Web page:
S P E C I A L    E D I T O R I A L

It’s censorship
by H.K. Dua

Over the years, the rigours of the Law of Contempt have prevented the Press and the people from examining the functioning of the judiciary.

The judiciary has also used the Law of Contempt as a shield against public scrutiny and criticism which are essential for its own health.

The Law of Contempt has particularly prevented the Press from reporting a few developments in the Punjab and Haryana High Court that are of vital public interest.

But now another development has taken place which is causing concern to the newspapers in Punjab and Haryana. We thought we should bring it to the notice of the people.

Several responsible newspapers in the region, including The Tribune, have received identical letters from an officer of the Punjab and Haryana High Court which seeks to place restrictions on them in doing their legitimate duty.

The letter written by Mr M.M. Singh Bedi, Registrar (Judicial)-cum-Public Relations Officer of the Punjab and Haryana High Court, was received on the fax by The Tribune on April 7, 2004.

Mr M.M. Singh Bedi’s letter addressed to the Editor, The Tribune - which he describes as the High Court’s Press communiqué - reads:

“It is understood that some news is going to be published in relation to the affairs of the High Court in the media. I am directed to issue a Press Communique to the Press (sic) that no news pertaining to the administrative affairs of the High Court should be published unless correctness of it is cross-checked from me.”

The High Court’s Press communiqué is brief and looks simple in language, but can have implications for the freedom the Press enjoys under the Constitution.

We do not know how Mr Bedi knew what stories the newspapers were likely to carry and what “the affairs” of the Punjab and Haryana High Court were that he was referring to.

Mr Bedi also does not say under whose authority he has sent the missive to the newspapers. He merely says “he has been directed to” to do so, giving the impression that these are orders of the Punjab and Haryana High Court.

Inquiries made by us show that several judges are not aware of the letter to the newspapers or its contents. Some of them are as surprised as the recipients of this letter were.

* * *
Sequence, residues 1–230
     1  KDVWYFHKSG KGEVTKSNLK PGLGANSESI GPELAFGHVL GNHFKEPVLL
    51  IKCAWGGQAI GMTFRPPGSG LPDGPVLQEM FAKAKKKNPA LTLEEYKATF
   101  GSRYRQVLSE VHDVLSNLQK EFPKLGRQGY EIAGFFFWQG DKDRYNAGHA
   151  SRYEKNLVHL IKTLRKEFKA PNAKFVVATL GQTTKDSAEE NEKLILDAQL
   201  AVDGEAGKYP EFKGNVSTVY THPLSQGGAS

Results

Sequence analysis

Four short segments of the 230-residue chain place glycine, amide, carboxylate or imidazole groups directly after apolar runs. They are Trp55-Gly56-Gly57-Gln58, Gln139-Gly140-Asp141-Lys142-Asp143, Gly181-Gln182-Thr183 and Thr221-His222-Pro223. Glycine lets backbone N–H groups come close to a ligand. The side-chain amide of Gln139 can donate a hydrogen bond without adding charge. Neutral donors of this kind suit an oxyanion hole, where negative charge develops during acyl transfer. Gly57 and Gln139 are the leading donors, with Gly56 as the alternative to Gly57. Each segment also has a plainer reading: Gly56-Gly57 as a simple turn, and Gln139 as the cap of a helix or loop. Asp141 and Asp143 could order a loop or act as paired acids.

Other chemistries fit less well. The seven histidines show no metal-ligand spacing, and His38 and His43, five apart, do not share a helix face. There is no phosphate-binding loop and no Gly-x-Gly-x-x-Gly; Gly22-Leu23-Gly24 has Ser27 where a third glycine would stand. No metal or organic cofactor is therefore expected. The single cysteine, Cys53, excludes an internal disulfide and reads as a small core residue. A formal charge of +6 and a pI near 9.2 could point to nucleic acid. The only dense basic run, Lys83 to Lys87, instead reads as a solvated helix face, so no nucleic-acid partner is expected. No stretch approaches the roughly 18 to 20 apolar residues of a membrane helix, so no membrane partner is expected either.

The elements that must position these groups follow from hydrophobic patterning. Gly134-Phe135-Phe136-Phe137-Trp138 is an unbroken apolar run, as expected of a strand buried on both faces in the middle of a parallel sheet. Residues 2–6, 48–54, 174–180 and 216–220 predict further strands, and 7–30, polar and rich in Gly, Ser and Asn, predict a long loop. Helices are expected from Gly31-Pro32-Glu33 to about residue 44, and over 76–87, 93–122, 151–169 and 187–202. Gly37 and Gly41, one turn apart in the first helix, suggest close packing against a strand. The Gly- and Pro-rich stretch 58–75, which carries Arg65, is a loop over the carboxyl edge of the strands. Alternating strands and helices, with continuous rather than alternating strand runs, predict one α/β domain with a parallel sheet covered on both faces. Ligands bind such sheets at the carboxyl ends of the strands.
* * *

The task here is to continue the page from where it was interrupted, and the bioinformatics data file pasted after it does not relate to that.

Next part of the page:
Ordinarily, the Registrar (Judicial) functions under the authority of the Chief Justice of the High Court. As such we take it as an order of the Punjab and Haryana High Court.

But more than this, what is of concern to the Press is the High Court’s intention behind issuing the Press communiqué.

Mr Bedi says in the Press communiqué that “no news pertaining to the administrative affairs of the High Court should be published unless the correctness of it is cross-checked from me”.

We, in The Tribune, and other newspapers are perhaps more concerned about accuracy of our news than Mr Bedi. Most newspapers strive hard daily to check and counter-check facts before publishing news for the benefit of the public.

If it was just an advisory from Mr Bedi, we might have taken it as a new-found keenness of the High Court’s first-ever Public Relations Officer to show efficiency. But it is not so apparently.

What the High Court’s ill-advised communiqué is trying to ensure is that the Press cannot publish a news about what is happening in the administrative side unless it is cleared by Mr Bedi, who enjoys the officiating status of Registrar (Judicial)-cum-Public Relations Officer. It is fear of facts that seems to be the cause of the communiqué.

Essentially, a PRO, is supposed to be of help to the people and the Press, but the High Court’s new officer has clearly been directed to assume the role of an authority which would have the power to pre-censor the reports and information which the newspapers are duty-bound to share with the readers on matters of public interest.

It is clear from the Press communiqué that the Punjab and Haryana High Court in its wisdom is trying to impose a kind of censorship - or a news clearing authority - for which it has no power under the Constitution. And nor we think it is proper for the Press to submit to it.

We in the Press will strive for accuracy and professional values despite the High Court’s directive and, if necessary, without the help of its Registrar (Judicial)-cum-Public Relations Officer. 

HOME PAGE | Punjab | Haryana | Jammu & Kashmir | Himachal Pradesh | Regional Briefs | Nation | Opinions |
| Business | Sports | World | Mailbag | Chandigarh | Ludhiana | National Capital |
| Calendar | Weather | Archive | Subscribe | Suggestion | E-mail |